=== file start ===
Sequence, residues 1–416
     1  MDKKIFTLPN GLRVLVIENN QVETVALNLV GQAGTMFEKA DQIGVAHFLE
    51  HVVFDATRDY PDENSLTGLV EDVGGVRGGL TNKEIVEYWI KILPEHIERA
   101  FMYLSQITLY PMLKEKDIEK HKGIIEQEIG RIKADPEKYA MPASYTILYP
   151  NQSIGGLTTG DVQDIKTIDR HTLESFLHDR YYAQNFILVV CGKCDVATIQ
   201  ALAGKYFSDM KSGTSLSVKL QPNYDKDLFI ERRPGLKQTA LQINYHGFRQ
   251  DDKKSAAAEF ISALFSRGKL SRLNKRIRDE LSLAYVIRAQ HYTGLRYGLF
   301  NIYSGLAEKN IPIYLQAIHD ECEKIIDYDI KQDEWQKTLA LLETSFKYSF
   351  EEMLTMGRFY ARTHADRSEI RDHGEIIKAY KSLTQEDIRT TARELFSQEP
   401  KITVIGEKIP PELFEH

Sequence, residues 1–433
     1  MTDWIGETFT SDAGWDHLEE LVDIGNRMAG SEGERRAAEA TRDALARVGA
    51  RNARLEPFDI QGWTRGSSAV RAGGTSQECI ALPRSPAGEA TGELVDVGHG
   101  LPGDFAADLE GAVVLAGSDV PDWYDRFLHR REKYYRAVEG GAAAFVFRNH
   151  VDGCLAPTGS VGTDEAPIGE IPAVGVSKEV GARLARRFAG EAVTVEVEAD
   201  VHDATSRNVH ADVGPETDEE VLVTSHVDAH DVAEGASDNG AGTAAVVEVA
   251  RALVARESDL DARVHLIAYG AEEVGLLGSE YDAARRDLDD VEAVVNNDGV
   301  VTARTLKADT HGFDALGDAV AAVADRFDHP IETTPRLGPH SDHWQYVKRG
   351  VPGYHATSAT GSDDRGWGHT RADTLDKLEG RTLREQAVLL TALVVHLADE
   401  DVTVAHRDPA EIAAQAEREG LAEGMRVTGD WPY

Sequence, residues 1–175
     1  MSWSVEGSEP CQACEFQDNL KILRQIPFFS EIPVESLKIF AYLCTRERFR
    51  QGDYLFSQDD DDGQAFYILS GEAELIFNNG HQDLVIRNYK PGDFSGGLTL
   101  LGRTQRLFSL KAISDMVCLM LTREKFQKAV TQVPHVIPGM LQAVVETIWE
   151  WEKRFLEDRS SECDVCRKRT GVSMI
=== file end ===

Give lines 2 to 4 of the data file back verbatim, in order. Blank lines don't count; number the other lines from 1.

     1  MDKKIFTLPN GLRVLVIENN QVETVALNLV GQAGTMFEKA DQIGVAHFLE
    51  HVVFDATRDY PDENSLTGLV EDVGGVRGGL TNKEIVEYWI KILPEHIERA
   101  FMYLSQITLY PMLKEKDIEK HKGIIEQEIG RIKADPEKYA MPASYTILYP